Turin Breaks

InterviewsNovember 20, 2019
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SINCE they sat together at the same table in junior school, Olly Knights and guitarist Gale Paridjanian decided that playing in a band was what they wanted to do.

Throughout their lives the Turin Brakes pair loved performing and although they didn’t know it then, their primary school dream would lead them to the golden fields of Glastonbury and worldwide sell-out tours.

“Even then, aged nine, we loved performing, I remember we invented the Detective Club and the Ghost Club, always inspiring each other,” said Turin Brakes leader Olly Knights.

“We kept the dream alive through college and at 21 we released the first Turin Brakes EP.”

He adds: “There was always a distinct energy, but I find it amazing that both of us, now in our forties, are still on this amazing journey, making music.

“You have good days and bad days in any job.

“I am completely aware of what a lovely job I have.

“It is like being a magician, instead of pulling rabbits out of a hat, you are finding songs.”

The Brakes return to the Grand next Saturday (November 30) when they stop off at the Clitheroe venue on their UK acoustic tour.

“I’ve been blown away by the reaction we’ve had from the shows, we feel amazingly energised,” added Olly.

“When you do a stripped back gig shows can take on their own identity.

“It gives the audience a window into the band, and somehow it feels like you’ve less to hide because when you do a full show (electric) there can be a barrier between a band and an audience.”

Their secret is judging the mood of their listeners and on their last album, Invisible Storm, the uncertain political climate of our times does not go unnoticed.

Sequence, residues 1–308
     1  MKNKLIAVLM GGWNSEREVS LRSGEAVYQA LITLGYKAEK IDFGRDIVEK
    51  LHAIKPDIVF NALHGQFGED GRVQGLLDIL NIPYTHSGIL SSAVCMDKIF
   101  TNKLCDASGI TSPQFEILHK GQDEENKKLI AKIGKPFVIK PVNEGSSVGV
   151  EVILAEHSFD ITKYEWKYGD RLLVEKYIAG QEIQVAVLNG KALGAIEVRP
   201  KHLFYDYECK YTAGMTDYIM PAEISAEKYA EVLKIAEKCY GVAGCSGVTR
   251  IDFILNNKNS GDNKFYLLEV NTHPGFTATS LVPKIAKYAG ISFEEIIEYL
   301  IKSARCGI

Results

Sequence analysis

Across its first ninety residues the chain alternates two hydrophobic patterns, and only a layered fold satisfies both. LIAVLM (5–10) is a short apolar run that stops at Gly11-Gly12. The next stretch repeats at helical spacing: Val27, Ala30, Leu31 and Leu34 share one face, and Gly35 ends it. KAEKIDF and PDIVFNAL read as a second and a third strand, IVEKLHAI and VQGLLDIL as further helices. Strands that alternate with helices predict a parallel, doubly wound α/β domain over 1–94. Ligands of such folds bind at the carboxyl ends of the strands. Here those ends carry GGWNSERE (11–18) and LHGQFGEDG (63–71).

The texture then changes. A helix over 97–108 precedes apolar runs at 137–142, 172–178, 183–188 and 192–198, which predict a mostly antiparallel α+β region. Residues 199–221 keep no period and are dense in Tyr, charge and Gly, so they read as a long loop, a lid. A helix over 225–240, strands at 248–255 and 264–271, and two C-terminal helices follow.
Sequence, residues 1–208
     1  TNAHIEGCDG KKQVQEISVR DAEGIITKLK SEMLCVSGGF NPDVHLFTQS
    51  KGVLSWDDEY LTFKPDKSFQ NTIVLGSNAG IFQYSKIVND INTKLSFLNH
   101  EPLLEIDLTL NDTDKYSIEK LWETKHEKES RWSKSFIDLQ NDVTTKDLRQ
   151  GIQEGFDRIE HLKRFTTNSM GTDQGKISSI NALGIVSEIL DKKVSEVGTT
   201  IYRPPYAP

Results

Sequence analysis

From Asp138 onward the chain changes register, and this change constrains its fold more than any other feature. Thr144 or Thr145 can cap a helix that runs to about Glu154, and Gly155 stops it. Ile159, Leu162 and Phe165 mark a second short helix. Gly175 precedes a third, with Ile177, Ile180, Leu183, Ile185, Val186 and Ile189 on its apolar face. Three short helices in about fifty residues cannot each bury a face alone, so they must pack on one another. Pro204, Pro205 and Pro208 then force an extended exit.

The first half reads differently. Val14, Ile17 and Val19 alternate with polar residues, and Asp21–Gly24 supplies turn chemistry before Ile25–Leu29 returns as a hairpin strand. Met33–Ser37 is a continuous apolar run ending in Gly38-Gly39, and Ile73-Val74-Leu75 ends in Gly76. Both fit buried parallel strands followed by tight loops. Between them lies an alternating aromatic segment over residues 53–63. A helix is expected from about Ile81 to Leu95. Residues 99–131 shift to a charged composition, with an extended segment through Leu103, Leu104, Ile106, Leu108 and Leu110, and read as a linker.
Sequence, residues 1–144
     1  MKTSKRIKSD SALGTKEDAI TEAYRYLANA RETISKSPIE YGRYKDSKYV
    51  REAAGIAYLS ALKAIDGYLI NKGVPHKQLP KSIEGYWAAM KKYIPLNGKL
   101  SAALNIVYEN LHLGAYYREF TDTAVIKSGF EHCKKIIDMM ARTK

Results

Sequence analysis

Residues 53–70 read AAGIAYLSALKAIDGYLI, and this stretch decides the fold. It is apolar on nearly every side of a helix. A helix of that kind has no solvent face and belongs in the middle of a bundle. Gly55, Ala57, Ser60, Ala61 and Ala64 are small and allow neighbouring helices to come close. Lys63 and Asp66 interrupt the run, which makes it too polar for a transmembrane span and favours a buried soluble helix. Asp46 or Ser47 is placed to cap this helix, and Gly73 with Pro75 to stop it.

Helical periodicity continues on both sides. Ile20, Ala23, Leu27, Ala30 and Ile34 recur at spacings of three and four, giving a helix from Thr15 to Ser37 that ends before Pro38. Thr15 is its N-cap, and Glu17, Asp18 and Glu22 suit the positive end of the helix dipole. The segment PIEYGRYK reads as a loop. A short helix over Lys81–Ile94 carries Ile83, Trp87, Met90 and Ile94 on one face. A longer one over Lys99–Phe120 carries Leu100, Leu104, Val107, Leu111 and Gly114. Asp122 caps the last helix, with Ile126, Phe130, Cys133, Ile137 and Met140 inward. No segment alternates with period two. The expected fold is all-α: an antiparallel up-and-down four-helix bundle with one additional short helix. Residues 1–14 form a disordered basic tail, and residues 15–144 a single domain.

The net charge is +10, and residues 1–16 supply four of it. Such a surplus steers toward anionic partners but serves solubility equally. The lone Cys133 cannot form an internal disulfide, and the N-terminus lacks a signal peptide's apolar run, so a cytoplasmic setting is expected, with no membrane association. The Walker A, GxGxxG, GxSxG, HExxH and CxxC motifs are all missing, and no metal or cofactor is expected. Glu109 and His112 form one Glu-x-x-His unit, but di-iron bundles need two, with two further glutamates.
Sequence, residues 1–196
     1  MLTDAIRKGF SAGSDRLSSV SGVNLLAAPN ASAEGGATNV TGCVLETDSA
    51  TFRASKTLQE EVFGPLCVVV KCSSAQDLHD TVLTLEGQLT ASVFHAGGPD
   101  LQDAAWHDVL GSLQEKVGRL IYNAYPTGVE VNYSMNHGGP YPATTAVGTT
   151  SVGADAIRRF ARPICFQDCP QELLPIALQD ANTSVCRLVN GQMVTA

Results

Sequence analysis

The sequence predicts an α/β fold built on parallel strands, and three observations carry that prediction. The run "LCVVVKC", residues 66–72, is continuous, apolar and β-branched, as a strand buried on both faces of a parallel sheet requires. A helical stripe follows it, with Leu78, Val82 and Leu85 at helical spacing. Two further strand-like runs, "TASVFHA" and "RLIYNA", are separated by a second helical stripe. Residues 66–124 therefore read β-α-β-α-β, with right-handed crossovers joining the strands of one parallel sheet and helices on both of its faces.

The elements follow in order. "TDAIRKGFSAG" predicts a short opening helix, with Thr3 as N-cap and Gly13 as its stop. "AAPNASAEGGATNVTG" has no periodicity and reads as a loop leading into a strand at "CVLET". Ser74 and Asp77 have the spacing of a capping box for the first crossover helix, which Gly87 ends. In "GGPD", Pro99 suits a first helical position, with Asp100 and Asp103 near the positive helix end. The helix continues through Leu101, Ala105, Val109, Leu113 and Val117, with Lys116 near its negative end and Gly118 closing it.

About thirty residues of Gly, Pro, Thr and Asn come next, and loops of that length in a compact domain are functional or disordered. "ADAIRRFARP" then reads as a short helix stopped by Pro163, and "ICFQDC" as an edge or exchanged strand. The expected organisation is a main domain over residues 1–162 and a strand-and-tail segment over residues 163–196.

“My dad is 82 and he said he can’t remember a stranger time in this country, “said Olly.

“Going on tour across the UK, yeah do you pick up on people’s contrasting emotions.

“It does feel like an epidemic of separation, but there’s a lot more that still binds us together.

“We don’t have to hate each other because of politics and, deep down, I really do think that we remain a tolerant country.

He adds: “Through music we can all be friends, and when we play live, we purposefully steer clear of the political environment.”

“Live music is a coming together, and hopefully an event to inspire a communal spirit.”

Knights understands that for many Turin Brakes fans their music evokes a strong sense of nostalgia.

“We live in a fast forward world, a very different place from where the Turin Brakes started out.

“We fully understand that people will be nostalgic, and we love that, as long as there is room for other stuff as well.”


Article by Tony Dewhurst


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